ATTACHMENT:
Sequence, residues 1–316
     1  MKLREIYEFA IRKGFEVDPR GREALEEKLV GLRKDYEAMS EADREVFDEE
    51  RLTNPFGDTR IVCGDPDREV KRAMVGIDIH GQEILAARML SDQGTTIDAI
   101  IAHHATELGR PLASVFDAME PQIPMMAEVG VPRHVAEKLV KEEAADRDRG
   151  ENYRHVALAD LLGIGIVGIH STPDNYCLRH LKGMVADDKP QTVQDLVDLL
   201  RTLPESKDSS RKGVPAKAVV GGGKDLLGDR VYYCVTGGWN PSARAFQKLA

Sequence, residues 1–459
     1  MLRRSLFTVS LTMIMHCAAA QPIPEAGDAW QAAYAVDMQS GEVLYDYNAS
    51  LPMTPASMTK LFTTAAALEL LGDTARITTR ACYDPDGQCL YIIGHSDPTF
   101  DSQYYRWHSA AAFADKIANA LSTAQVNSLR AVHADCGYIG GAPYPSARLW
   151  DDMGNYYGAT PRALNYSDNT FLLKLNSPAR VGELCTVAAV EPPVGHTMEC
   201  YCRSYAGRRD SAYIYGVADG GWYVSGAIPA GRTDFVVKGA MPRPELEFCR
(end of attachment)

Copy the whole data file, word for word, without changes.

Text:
Sequence, residues 1–316
     1  MKLREIYEFA IRKGFEVDPR GREALEEKLV GLRKDYEAMS EADREVFDEE
    51  RLTNPFGDTR IVCGDPDREV KRAMVGIDIH GQEILAARML SDQGTTIDAI
   101  IAHHATELGR PLASVFDAME PQIPMMAEVG VPRHVAEKLV KEEAADRDRG
   151  ENYRHVALAD LLGIGIVGIH STPDNYCLRH LKGMVADDKP QTVQDLVDLL
   201  RTLPESKDSS RKGVPAKAVV GGGKDLLGDR VYYCVTGGWN PSARAFQKLA

Sequence, residues 1–459
     1  MLRRSLFTVS LTMIMHCAAA QPIPEAGDAW QAAYAVDMQS GEVLYDYNAS
    51  LPMTPASMTK LFTTAAALEL LGDTARITTR ACYDPDGQCL YIIGHSDPTF
   101  DSQYYRWHSA AAFADKIANA LSTAQVNSLR AVHADCGYIG GAPYPSARLW
   151  DDMGNYYGAT PRALNYSDNT FLLKLNSPAR VGELCTVAAV EPPVGHTMEC
   201  YCRSYAGRRD SAYIYGVADG GWYVSGAIPA GRTDFVVKGA MPRPELEFCR